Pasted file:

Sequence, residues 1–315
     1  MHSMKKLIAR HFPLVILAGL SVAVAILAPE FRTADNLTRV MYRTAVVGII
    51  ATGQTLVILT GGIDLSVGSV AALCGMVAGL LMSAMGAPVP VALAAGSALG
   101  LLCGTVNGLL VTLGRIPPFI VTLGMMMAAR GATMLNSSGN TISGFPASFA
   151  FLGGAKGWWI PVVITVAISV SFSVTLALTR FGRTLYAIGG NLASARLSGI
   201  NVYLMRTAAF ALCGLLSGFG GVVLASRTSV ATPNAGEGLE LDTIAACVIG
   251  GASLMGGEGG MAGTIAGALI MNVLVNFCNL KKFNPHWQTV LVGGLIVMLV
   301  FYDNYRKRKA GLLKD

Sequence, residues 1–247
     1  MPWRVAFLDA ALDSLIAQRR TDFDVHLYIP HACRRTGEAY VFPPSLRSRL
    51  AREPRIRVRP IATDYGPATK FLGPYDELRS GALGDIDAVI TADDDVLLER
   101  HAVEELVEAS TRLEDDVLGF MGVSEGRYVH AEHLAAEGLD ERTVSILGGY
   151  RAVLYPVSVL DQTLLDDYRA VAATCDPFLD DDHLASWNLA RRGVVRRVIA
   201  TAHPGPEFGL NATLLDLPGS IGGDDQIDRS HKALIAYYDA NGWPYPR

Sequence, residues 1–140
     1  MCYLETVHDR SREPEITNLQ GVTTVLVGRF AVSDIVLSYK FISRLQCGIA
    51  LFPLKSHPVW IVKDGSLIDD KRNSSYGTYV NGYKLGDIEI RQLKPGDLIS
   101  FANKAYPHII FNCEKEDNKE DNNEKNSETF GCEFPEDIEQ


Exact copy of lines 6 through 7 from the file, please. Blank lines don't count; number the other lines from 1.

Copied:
   201  NVYLMRTAAF ALCGLLSGFG GVVLASRTSV ATPNAGEGLE LDTIAACVIG
   251  GASLMGGEGG MAGTIAGALI MNVLVNFCNL KKFNPHWQTV LVGGLIVMLV